Executive Summary of Confessions of a Radical Industrialist
Book by Ray Anderson
Summary by Erin Weber
Issue 2 Winter 2009
In September of this year, Ray Anderson, the founder and chairman of Interface Carpets, published his second book as a response to the corporate leaders who continue to question the value and economic return for a commitment to environmentally and socially sustainable business practice. In 1994, long before “greenwashing” became a term, Anderson challenged his employees to rethink their business strategy to transition into a completely sustainable company. At the launch of an environmental task force, he said, “We’re going to push the envelope until we no longer take anything the earth cannot easily renew. We are going to keep pushing until all our products are made from recycled or renewable materials. And we are not going to stop pushing until all of our waste is biodegradable or recyclable, until nothing ends up as pollution.” Fifteen years later, Interface and Ray Anderson have succeeded in making enormous strides towards their goals while also multiplying the economic success of the business. What follows is a summary of some of the insights, best practices and successes Anderson intends to share with the world through his inspirational and relevant book Confessions of a Radical Industrialist.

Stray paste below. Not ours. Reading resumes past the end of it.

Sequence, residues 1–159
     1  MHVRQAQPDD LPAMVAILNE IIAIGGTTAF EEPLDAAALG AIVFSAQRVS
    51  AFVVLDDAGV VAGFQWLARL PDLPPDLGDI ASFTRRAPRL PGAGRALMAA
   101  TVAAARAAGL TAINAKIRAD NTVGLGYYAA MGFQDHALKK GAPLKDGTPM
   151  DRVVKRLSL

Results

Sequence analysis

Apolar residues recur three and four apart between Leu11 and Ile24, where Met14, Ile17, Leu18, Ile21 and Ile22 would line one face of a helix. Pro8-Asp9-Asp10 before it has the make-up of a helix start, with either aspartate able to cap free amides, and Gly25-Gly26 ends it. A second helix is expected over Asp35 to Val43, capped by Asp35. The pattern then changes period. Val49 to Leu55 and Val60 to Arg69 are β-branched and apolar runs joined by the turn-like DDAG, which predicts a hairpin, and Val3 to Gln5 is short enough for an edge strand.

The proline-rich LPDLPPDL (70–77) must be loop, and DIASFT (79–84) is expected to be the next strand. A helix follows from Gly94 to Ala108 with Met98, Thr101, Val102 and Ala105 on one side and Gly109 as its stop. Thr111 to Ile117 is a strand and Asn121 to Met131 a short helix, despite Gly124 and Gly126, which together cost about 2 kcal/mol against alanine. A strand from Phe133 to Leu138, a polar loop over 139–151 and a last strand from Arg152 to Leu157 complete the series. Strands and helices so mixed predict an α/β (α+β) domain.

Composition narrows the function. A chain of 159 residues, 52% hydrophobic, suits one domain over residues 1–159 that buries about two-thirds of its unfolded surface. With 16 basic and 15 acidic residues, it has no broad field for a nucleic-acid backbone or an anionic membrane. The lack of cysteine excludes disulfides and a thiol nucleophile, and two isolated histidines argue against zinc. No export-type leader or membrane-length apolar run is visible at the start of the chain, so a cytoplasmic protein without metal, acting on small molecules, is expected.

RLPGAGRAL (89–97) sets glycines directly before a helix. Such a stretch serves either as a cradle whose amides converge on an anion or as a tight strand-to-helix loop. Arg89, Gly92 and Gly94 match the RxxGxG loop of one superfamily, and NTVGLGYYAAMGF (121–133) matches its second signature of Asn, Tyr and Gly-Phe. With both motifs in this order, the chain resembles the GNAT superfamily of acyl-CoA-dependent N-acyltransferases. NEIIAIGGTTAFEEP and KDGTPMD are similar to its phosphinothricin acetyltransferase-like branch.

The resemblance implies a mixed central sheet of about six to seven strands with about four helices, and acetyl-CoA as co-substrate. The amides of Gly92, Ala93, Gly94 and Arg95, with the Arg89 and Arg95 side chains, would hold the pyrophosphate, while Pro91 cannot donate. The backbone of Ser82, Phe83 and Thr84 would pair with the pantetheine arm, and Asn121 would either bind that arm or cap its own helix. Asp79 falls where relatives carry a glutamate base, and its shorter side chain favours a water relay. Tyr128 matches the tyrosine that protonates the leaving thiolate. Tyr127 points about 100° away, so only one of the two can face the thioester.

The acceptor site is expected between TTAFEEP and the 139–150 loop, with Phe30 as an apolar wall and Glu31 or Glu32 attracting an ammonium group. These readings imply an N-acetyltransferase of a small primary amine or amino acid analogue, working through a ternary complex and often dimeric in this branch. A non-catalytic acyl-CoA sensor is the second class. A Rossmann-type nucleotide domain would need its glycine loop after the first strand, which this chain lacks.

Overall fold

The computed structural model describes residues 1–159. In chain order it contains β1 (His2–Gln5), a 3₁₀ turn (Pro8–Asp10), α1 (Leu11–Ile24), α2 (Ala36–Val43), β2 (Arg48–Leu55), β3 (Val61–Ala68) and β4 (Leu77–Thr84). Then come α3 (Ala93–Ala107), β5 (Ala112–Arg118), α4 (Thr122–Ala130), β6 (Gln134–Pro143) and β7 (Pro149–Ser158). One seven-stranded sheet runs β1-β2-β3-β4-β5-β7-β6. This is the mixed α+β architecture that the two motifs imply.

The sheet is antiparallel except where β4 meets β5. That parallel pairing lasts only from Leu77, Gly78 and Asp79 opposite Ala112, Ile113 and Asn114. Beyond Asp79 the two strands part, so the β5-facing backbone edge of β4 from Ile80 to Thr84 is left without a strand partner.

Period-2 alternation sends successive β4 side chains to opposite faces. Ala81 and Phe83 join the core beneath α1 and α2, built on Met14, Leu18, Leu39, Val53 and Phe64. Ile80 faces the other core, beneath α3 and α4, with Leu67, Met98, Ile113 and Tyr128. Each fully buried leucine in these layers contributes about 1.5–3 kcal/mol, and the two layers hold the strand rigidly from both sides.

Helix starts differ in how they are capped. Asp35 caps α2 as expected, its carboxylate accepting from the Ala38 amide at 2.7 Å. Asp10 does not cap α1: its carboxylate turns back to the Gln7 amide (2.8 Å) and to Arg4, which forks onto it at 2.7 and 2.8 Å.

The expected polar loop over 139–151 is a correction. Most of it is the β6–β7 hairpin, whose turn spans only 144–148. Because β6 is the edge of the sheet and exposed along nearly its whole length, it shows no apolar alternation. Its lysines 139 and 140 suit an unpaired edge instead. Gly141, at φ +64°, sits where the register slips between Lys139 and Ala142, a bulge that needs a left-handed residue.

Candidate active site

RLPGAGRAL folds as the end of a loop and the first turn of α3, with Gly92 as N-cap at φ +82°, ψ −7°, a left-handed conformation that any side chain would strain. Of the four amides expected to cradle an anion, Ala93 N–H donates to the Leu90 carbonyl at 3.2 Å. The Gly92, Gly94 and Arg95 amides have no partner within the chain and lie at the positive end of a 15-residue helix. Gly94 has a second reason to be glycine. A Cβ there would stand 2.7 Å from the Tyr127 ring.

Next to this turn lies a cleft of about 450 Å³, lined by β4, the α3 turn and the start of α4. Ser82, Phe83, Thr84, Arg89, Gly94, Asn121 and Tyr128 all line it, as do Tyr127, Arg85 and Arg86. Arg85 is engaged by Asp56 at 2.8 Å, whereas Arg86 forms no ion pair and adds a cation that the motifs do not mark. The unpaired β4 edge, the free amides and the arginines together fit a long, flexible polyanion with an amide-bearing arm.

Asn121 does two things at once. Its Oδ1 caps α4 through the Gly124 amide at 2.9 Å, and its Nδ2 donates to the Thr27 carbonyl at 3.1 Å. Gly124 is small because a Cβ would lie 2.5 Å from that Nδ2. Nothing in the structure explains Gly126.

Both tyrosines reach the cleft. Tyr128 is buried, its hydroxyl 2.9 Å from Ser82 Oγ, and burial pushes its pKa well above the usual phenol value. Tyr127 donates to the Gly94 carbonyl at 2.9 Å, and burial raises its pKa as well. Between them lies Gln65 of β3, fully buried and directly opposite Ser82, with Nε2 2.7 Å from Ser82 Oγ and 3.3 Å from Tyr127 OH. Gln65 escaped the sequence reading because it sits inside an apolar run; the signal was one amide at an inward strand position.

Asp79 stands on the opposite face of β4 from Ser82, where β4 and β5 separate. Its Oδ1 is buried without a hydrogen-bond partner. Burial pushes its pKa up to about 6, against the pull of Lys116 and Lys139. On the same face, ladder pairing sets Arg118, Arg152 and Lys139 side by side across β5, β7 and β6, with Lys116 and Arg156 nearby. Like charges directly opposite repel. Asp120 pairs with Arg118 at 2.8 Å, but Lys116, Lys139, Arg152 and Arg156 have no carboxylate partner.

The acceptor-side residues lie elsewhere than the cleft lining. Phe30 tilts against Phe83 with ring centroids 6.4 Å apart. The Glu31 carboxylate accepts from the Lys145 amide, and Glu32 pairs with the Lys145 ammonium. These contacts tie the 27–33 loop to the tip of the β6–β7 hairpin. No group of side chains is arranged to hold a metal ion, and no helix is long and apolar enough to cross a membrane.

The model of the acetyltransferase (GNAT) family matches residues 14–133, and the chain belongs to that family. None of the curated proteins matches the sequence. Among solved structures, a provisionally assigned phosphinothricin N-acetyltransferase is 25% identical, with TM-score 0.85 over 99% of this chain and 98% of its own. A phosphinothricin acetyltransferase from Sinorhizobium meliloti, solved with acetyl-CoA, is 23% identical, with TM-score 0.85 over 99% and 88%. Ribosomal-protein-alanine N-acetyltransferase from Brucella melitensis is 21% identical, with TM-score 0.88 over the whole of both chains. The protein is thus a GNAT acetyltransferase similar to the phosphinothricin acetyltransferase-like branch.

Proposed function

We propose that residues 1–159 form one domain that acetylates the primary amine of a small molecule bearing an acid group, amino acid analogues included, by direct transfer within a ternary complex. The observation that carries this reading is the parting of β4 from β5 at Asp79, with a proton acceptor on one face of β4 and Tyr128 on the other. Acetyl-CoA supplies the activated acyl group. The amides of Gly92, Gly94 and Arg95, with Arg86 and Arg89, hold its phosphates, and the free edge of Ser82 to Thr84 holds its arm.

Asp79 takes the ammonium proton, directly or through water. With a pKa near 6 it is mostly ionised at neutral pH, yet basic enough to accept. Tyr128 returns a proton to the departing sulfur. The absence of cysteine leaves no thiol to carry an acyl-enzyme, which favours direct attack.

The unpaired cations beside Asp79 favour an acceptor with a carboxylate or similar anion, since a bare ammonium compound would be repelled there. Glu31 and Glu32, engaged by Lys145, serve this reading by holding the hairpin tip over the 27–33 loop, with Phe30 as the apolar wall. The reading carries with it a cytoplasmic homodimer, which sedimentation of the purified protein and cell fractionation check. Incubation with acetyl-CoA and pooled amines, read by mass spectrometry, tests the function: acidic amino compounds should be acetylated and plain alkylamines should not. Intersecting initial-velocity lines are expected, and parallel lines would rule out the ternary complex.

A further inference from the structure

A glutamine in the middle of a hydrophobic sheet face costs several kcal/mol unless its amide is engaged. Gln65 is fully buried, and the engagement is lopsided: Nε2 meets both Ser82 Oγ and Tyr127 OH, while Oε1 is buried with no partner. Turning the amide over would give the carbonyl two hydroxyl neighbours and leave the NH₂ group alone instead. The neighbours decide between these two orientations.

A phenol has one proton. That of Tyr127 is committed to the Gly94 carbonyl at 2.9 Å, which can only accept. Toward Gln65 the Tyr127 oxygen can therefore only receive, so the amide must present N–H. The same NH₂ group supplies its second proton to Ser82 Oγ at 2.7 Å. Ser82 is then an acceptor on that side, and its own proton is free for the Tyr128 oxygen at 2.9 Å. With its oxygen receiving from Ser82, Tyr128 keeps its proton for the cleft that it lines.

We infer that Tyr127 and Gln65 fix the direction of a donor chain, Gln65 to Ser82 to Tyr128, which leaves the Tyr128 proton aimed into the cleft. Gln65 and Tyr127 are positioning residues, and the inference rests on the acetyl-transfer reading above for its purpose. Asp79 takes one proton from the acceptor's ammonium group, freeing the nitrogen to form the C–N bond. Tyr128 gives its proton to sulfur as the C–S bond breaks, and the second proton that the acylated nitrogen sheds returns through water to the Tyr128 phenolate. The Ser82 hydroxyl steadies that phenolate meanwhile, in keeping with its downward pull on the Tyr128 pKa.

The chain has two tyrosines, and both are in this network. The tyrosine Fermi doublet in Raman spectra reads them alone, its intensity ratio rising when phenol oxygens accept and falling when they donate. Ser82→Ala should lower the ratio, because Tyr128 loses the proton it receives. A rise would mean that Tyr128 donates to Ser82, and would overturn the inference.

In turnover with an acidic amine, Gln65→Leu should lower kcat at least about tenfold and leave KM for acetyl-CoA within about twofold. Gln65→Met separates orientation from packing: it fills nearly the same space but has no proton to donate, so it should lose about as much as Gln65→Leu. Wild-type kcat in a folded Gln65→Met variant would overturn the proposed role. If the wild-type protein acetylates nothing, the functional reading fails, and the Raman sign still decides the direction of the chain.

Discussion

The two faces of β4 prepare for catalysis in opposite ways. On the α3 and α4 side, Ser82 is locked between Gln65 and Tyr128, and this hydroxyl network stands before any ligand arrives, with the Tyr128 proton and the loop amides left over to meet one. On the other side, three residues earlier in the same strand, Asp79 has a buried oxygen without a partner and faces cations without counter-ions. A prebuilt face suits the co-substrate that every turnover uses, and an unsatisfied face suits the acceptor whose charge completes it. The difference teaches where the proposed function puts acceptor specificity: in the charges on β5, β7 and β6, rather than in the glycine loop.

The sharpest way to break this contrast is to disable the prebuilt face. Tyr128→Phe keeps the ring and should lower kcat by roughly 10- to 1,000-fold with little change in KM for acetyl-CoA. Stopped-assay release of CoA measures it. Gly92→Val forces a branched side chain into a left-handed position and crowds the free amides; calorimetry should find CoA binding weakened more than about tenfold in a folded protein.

In his book, Anderson likens the challenge of becoming a truly sustainable company to that of climbing a mountain, “Mt. Sustainability.” He goes further to divide the process into seven steps he refers to as the “7 Faces of Sustainability,” as detailed below.
The Seven Faces of Sustainability
1. Zero Waste
Anderson recommends waste as an ideal first challenge to tackle because its strategies are familiar to the business community and because it offers immediate opportunities for cost savings to finance more expensive initiatives. Interface defined waste as, “any measurable cost that goes into our product that does not add value for our customer.” The company also went a step further, vowing that, ”all fossil fuel will be counted as waste to be eliminated.”
Interface used the following methods to reduce waste:
1. Reduce energy consumption
2. Introduce renewable power sources
3. Report with consistency and reliability in order to maintain
the trust and support of investors
4. Tie manager’s bonuses to reduction goals
5. Encourage creative solutions from staff by incentivizing successful
waste reduction techniques
Measurable Success: Within 10 yearsof implementing these methods, Interface had saved $262 million dollars in waste, nearly doubling net profits.
2. Eliminating Harmful Emissions
1. Gather a complete inventory of chemicals released into the air, water or ground
2. Consolidate your suppliers in order to reduce the touch points for chemical entry into the process